McGoran's new novel is Drift.
Recently I asked the author about what he was reading. McGoran's reply:
One of the cruelest hardships of my life as a busy writer is that I am often forced to choose between reading and writing. Lately though, I’ve somehow been managing to do a good amount of both – putting together a respectable page count for Deadout, the sequel to my novel Drift, and reading some truly fine books. This might explain the dark rings under my eyes, but there is nothing like an impending deadline (or one receding in the rearview) to help boost your productivity. And nothing like some great books to keep you up reading, when you should be collapsing to sleep after a night spent writing.Visit Jon McGoran's website, Facebook page, and Twitter perch.
I made a couple of much-anticipated book purchases just before going to BEA for a couple of signings, one with my publisher, Tor/Forge, and one with the Mystery Writers Association (MWA). At the MWA booth, I had the great pleasure of meeting (briefly) George Pelecanos, and the even greater and more sustained pleasure of reading his newest, The Cut.
Pelecanos has an economical and effortless style that immediately pulls you in and involves you in his characters, and his tight and well-crafted plot doesn’t wait to get started. My long-delayed Amtrak train back from BEA provided a welcome opportunity to get deep into the book.
After The Cut, I put aside the pile of other books from BEA and returned to the two I had purchased just before hand.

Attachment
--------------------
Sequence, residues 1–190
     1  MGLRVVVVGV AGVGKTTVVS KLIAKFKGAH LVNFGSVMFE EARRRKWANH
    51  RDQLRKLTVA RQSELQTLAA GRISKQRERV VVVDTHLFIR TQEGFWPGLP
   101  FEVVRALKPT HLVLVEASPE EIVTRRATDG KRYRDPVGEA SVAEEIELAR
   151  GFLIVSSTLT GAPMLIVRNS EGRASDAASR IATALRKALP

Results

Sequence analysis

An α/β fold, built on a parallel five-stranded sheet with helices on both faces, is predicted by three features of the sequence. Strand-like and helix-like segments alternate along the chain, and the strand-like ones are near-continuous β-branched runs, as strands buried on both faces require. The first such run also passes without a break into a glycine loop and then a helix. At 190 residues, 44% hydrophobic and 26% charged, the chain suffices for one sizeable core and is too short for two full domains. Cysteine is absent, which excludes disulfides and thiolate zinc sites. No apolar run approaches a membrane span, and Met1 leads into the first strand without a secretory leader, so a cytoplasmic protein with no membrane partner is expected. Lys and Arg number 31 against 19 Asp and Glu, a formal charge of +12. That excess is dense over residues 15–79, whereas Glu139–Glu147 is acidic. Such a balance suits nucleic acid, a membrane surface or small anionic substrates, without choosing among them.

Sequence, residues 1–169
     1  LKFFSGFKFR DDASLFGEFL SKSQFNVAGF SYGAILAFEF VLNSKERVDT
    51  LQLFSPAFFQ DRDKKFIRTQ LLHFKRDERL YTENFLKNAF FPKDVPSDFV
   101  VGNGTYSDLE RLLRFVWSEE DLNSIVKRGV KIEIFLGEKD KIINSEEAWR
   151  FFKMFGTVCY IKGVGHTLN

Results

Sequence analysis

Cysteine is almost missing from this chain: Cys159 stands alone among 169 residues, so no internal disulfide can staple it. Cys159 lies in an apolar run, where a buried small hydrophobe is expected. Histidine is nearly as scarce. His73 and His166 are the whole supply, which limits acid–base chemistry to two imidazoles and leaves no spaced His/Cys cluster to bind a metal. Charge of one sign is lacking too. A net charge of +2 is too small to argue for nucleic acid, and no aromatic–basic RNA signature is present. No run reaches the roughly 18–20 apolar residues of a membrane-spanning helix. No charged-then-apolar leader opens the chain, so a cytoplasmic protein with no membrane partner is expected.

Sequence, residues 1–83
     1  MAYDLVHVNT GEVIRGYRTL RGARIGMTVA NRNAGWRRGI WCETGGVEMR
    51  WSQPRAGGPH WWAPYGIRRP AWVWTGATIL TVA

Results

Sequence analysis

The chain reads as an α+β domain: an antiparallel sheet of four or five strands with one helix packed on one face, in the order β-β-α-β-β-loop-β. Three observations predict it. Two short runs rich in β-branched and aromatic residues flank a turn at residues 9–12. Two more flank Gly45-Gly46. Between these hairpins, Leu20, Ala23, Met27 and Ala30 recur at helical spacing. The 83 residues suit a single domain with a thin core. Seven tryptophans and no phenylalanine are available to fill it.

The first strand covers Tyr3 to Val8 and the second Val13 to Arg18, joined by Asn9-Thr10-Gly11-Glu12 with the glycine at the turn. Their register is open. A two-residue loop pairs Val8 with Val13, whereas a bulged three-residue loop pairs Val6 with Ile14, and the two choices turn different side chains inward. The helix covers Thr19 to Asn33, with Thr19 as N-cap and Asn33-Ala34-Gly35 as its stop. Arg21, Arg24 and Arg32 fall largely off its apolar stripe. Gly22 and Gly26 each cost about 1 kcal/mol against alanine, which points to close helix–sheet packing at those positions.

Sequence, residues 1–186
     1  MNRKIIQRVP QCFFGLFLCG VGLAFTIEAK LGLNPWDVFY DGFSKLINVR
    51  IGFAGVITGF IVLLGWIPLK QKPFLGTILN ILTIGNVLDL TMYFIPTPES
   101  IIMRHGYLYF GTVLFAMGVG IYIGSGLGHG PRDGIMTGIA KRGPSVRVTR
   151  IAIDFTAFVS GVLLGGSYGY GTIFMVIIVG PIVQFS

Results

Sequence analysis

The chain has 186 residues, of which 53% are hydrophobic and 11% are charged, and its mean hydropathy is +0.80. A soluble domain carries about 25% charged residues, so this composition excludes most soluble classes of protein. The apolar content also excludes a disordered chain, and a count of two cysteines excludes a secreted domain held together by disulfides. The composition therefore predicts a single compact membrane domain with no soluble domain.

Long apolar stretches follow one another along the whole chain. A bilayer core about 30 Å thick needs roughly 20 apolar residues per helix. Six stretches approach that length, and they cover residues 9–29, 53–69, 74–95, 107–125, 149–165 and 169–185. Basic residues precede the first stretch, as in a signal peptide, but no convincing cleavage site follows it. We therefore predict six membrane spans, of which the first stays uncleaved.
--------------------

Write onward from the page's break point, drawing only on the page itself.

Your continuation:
Booklist’s review of Drift included a line I was particularly excited by: “Readers who enjoy Michael Crichton or liked Paul McEuen’s Spiral, or even the nonfiction biothrillers by Richard Preston, will find much to enjoy here.” As a fan of Crichton and Preston, I took that to be very high praise. But I hadn’t heard of Spiral, by Paul McEuen. Well, now I have, and I am that much more humbled by Booklist’s kind words. Spiral is an excellent read, a smart combination of a believable thriller plot, plausible but disturbing science, and engaging, human characters that draw you in and make you care. High praise indeed.
Finally, I just started reading Case Histories by Kate Atkinson. I’ve been hearing people raving about Atkinson for years, but haven’t read any of her books, and now I’m glad I haven’t, because now I still get to. Only a few pages into it, I am already fully engaged by Atkinson’s writing and storytelling, and I can tell I am in for a big treat.
I don’t know how long this string of winners can last, but I’m going to ride it until it ends.